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The Quinnipiac Chronicle

The Student News Site of Quinnipiac University

The Quinnipiac Chronicle

The Student News Site of Quinnipiac University

The Quinnipiac Chronicle

    A look at Multicultural Mondays

    The first year of the Multicultural Mondays program, designed to educate the Quinnipiac campus about diversity, has been a success.

    Many of Quinnipiac’s clubs have teamed up to give our community a chance to be exposed to cultural diversities.

    Nearly every Monday this past year, an educational program has been available on campus.

    “We have had everything from a drumming group, to speakers, dancers, performers, martial artists, a cultural fashion show, Chinese acrobats, movies and readings,” Andrew Chin, the student coordinator of S.H.A.D.E.S., said.

    The program was formulated last spring with the help of John Kroll, Kerstin Soderlund and the S.H.A.D.E.S., Students Helping to Advocate Diversity Education, student group.

    S.H.A.D.E.S. is a student group dedicated to diversity education.

    They Co-sponsor most of the events with other campus groups such as A.S.P.A, the Latino Cultural Society, the Martial Arts Club, A.M.I.C.I, G.L.A.S.S., among others.

    “We’re kind of the U.N. of those organizations,” Chin said.

    The Multicultural Monday program was designed to push faculty and students to think about diversity. It is not just for students on campus, anyone who is part of the Quinnipiac community is welcome.

    “The program is aimed at the whole student body, faculty, professors, anyone who wants to care and learn about diversity,” Chin said.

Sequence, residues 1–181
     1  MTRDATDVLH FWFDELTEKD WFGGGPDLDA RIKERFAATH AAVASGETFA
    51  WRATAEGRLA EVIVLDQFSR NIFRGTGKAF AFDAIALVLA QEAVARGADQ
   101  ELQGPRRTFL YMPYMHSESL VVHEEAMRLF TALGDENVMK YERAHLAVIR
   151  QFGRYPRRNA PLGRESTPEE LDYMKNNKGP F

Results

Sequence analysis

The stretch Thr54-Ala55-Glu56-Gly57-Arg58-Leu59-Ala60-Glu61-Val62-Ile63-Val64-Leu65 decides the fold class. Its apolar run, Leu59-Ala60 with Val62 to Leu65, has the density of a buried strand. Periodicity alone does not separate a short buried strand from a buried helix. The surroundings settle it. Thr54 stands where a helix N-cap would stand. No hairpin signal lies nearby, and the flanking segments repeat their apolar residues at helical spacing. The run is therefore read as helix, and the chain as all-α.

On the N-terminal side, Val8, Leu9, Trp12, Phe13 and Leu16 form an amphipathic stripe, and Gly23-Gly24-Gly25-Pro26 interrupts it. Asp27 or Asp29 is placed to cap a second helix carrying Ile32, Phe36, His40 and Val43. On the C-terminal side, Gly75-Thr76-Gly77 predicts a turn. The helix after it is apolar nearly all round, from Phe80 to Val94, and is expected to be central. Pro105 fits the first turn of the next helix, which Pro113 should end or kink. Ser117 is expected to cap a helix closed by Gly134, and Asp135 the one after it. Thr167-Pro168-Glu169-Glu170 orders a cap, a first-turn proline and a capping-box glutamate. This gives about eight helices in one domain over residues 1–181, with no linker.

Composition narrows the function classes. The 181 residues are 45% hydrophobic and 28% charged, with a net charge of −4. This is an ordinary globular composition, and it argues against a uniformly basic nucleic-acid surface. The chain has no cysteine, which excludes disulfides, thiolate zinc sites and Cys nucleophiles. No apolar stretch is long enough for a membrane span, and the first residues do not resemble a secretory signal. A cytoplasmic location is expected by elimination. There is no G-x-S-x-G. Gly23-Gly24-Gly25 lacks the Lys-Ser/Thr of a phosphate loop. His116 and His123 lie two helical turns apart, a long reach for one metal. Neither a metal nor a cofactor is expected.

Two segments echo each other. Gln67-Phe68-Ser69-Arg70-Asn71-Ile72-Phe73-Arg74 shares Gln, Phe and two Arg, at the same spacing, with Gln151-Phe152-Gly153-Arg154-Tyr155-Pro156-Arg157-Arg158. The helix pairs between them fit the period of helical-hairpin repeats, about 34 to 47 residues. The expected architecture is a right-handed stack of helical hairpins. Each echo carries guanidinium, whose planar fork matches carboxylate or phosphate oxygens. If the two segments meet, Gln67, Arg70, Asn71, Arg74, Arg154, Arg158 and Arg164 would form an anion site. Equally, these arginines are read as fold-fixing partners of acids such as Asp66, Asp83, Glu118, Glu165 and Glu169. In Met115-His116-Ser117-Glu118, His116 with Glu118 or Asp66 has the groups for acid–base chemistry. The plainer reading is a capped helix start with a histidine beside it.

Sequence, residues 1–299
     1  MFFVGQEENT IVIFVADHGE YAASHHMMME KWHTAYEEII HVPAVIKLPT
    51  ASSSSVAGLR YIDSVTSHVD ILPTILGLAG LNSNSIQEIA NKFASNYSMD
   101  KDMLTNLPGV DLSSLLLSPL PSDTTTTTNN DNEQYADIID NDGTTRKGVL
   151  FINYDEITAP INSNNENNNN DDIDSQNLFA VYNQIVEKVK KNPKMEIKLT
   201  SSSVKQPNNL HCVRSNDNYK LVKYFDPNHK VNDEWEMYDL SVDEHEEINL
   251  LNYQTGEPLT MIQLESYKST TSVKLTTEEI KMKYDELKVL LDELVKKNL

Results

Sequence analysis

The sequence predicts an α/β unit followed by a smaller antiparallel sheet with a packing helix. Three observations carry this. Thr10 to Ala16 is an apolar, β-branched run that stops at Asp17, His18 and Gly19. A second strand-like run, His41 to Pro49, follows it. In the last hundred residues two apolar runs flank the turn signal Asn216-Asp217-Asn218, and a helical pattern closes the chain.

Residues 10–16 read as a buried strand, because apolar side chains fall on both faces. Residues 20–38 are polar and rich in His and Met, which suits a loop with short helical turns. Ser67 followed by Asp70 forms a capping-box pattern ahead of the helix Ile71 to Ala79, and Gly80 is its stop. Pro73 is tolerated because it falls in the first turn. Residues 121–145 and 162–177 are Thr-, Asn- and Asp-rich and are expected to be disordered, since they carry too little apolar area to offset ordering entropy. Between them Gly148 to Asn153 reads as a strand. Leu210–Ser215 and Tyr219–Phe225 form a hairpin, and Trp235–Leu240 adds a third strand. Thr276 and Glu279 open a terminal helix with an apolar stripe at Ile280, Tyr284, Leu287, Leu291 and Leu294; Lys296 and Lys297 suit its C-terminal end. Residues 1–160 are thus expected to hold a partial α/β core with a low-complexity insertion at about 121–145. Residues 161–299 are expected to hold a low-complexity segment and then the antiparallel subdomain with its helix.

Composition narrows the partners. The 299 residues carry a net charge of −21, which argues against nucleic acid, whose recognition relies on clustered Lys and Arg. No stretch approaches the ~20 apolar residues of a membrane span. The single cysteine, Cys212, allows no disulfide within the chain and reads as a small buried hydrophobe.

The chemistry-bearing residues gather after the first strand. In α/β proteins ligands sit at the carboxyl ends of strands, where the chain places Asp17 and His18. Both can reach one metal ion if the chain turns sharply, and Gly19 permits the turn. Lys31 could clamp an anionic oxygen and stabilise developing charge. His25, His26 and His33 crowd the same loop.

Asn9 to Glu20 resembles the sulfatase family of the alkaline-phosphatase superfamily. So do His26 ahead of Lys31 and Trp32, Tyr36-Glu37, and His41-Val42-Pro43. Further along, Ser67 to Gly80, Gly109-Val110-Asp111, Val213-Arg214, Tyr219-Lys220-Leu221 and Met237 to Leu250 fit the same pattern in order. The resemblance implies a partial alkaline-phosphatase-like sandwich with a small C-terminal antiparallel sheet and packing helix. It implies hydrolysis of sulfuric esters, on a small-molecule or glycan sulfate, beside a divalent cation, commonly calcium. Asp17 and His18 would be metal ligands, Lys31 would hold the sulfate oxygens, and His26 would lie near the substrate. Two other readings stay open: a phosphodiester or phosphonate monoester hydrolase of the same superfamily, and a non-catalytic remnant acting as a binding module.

Many diversity issues have been addressed throughout this year’s Multicultural Monday events. In the fall, Hillel and G.L.A.S.S., Gay, Lesbian and Straight Supporters, teamed up and invited a Jewish lesbian speaker, Leslea Newman, to speak in Buckman Theater.

    Some RAs required their floor to attend these presentations. Pete Gallay, sophomore and a commons RA required his floor to attend.

    “There were a few indications that we needed something different and this was a very diverse program. I thought that it would help because we have some Jewish guys but most of them didn’t know about the aspect of homosexuality,” Gallay said.

    The program has had great support from faculty as well as students.

    Some campus professors have gotten involved in the program by requiring their students to attend programs that correspond with the topics that they are covering in class.

    The multicultural fashion show had the highest attendance thus far.

    There were clothes from around the globe modeled by Quinnipiac students.

    “The clothing was actually really cool,” freshman Sarah Koste, who attended the program, said. “I didn’t know what authentic clothes from most of those countries really looked like.”

    Students interested in attending the next Multicultural Monday event check your email.

    The event and location are sent out to all Quinnipiac students and with the response of the program this year, it will definitely still be around next fall.

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